Welcome to Cloud Nine’s Luigi amiibo training guide! To start off, thank you for taking the time to visit: your support is very much appreciated. Huge thanks to Arklaine for sharing his knowledge of Luigi and for contributing to the completion of the guide!
Luigi is shy, quiet and often overshadowed by his sibling, but he’s actually quite talented. His jumping ability surpasses Mario’s, and his all-around skills let him overcome any problem. He’s a bit cowardly and really afraid of ghosts. Even so, in the Luigi’s Mansion games, he was charged with cleaning up poltergeist problems.
This guide is up-to-date as of Version 1.1.7 of Super Smash Bros. for Wii U and Nintendo 3DS.
Table of Contents
Section 1: Amiibo Overview / Pros & Cons
Luigi is a tricky opponent to fight. His jab is one of the most efficient available thanks to its perfect blend of speed and power. The rest of his moveset retains that perfect blend of speed and power, giving Luigi many viable options. His special moves also come in handy: he has Fireball, a projectile that can harass opponents from afar; Green Missile and Luigi Cyclone, two helpful recovery moves; and Super Jump Punch, a powerful uppercut with a sweetspot that can KO enemies at mid-to-high percentages. His recovery (which consists of his side, up, and down specials) is decent, meaning that he usually has no problem returning to the stage when knocked away.
Unfortunately, Luigi suffers from several flaws that somewhat hold him back. Although his smash attacks are strong and swift, they lack the range to be fully reliable counterattacks. He also has a tendency to overuse his aerials: in such a defensive metagame, this makes Luigi an easy target for grounded opponents. Another annoying habit is that he may spam his side and down specials, Green Missile and Luigi Cyclone. These moves should only be used for recovery; using them as attacks is inefficient and leaves Luigi vulnerable. Last but not least, Luigi tends to edge-guard with his down taunt. This sounds hype on paper, but in practice, it rarely ever hits and leaves him wide open to ledge attacks.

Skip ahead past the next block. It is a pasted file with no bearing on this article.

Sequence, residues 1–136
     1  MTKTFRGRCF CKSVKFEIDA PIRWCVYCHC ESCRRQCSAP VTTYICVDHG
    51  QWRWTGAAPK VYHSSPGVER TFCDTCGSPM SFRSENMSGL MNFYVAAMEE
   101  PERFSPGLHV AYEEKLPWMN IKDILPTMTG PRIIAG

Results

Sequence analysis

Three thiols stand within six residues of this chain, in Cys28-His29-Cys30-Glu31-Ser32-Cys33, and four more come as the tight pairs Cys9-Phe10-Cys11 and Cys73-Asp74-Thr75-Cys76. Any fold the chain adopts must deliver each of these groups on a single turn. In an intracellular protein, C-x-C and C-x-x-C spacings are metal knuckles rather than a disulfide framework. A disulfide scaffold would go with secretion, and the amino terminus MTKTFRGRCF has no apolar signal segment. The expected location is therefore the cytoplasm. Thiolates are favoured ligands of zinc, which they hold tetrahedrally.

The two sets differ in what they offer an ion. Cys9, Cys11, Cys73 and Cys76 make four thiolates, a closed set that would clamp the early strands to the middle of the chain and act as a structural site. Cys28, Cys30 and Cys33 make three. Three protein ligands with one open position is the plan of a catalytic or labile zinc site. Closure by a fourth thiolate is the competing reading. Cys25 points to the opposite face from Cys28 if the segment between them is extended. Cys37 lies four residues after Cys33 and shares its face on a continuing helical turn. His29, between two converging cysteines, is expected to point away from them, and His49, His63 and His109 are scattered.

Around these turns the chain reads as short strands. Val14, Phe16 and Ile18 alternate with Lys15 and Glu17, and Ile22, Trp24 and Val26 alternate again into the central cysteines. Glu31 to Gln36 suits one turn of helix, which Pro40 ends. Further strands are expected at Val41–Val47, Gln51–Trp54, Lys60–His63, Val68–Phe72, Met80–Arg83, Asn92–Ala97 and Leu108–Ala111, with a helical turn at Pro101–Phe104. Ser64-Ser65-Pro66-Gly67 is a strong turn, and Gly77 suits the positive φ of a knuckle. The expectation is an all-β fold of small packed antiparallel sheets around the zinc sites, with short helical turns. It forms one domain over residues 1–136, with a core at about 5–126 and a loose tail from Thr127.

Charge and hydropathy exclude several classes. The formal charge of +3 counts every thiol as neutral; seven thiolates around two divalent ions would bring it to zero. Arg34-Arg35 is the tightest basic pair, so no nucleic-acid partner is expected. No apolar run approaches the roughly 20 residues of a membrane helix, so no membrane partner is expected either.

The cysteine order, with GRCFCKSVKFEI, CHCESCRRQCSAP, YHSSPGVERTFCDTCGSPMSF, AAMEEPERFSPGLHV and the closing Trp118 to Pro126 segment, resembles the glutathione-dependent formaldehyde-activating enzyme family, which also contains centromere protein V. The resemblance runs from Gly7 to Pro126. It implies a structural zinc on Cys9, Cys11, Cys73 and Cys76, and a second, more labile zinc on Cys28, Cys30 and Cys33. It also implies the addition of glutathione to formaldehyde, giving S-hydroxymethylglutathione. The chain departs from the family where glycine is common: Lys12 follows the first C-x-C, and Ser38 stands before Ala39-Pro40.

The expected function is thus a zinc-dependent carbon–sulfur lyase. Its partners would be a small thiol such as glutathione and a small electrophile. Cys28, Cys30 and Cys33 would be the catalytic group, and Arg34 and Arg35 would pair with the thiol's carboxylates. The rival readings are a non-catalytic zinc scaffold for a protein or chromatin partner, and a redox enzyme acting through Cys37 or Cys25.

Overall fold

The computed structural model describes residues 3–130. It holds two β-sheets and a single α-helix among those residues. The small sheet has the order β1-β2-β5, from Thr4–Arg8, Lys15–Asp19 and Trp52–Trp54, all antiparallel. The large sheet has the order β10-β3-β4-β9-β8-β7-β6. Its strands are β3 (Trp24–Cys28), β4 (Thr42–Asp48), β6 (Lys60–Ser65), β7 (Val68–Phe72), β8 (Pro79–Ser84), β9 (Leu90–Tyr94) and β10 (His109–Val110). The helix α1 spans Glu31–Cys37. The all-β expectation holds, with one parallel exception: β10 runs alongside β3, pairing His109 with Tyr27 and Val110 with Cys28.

While Luigi requires a good bit of training and work, he has a lot of potential waiting for those patient enough to work around his flaws. With the right stats, bonuses, and training methods, Luigi can contend with and even outmatch the titans of the amiibo metagame: namely Bowser, Ganondorf, and Lucina.
Section 2: Recommended Equipment
Luigi – Recommended Stats & Bonuses
For more information on equipment, including instructions on how to farm for custom parts, please read the amiibo equipment guide.
Before you begin training your amiibo, you must equip it with a viable setup of stats and bonuses. The following build has been extensively tested and proven effective:
+40 Attack / +70 Defense / +10 Speed
Luigi – Recommended Custom Moves
- Quick Missile: This is a custom move version of Luigi’s side special, Green Missile. It charges up quickly, and flies much faster and farther, making it a superior option for recovery. It’s also weaker, but that’s okay, because Luigi should be using this attack for recovery purposes only.
Once your amiibo’s equipment setup is refined and ready to go, your training will officially begin! If you ran into some sort of problem while feeding your amiibo, feel free to jump into Cloud Nine’s Discord server to ask a question.
Section 3: Leveling Up Your Amiibo
Amiibo training is a very specific task, and for the best possible results, you will need to go about it very carefully. You can’t just go all-out and use combos and aerials: both of these are frowned upon in the amiibo metagame. Instead, you should remain grounded at all times, punishing your amiibo for every aerial move it uses against you.
To help your amiibo properly utilize its moveset, you will mirror match it from Level 1 all the way to Level 50. Playing timed matches on Ω-form stages is highly recommended.
Luigi Training Tips